Embedding Objects in Epoxy Floors

Why has epoxy flooring become the fastest growing sector of the flooring industry? There are many reasons, but arguably the most prominent, is the shift to more decorative applications. Epoxy used to be available in a handful of colors and when applied, would look like a painted floor. This was great if you needed industrial strength to handle forklift traffic in your warehouse and looks were secondary, but not so great if you wanted an extremely durable floor for your living room that also looks nice. As the epoxy flooring industry evolved many more decorative applications were developed. Now you can get the same industrial strength floor used in a warehouse or airplane hangar with a beautiful custom finish.

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How to Apply a Decorative Finish to Plywood Sub-Floors

Here in the Northwest there are few homes that are built slab on grade, so we are often asked about installing decorative coatings over wood sub-floors. This is definitely something that can be done! And the process has become easier in the last few years as manufacturers have refined flexible epoxies that can be used a base-coats for more traditional coatings to be installed over wood sub-floors. The problem with coating plywood or other wood sub-floors, has always been the fear of damage resulting from movement. If the two materials are expanding and contracting at different rates when temperatures fluctuate, cracks can result. A flexible epoxy base-coat help more traditional coatings bond to wood while helping to eliminating the chance of cracking.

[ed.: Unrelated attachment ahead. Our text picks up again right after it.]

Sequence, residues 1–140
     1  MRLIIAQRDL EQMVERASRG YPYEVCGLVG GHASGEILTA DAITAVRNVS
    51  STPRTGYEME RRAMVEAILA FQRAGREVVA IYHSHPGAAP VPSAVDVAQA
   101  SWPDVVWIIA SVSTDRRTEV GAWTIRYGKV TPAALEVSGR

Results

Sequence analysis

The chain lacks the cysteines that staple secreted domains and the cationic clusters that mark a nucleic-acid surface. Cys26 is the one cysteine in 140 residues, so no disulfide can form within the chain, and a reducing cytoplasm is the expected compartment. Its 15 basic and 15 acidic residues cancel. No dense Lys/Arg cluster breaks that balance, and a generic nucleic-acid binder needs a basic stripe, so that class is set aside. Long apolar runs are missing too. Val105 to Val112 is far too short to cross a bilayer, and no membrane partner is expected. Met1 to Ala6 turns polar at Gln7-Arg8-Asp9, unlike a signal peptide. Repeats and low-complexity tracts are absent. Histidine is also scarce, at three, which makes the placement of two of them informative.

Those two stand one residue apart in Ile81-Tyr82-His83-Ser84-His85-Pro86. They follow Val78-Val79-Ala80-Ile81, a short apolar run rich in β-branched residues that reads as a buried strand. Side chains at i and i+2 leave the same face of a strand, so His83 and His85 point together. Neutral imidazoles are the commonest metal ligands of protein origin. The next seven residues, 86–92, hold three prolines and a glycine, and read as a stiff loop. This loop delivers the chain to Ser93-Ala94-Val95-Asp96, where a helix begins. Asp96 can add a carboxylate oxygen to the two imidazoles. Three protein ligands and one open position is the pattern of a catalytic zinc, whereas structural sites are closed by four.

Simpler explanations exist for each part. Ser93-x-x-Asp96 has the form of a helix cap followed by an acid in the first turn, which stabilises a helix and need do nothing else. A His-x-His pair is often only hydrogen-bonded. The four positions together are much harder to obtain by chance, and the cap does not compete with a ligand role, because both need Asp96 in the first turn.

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Making Tire Tracks Disappear: How We Saved a Driveway

A few weeks after your new driveway is poured a winter blizzard hits.  You live on a hill and the roads are terrible.  You have to get out so you chain up.   Your adventure concluded, you arrive back home only to have difficulty making it up the slope into your garage.  Your car fish-tales a bit and your tires spin but you make it into the garage with a sigh of relief.  Everything is great until the snow melts a few days later and you notice dark tire tracks up the driveway and into the garage.  Unfortunately these aren’t ordinary tire tracks.  These are where you tire chains ground into the surface of the fresh concrete.  No amount of washing or scrubbing will do anything to make them better.  The actual finish on the concrete is gone.  To make matters worse, you live at the top of a small hill on a bend in the road so everyone driving up the hill can’t help but stare at your newly desecrated driveway.  It is right in front of them and it is impossible to miss.

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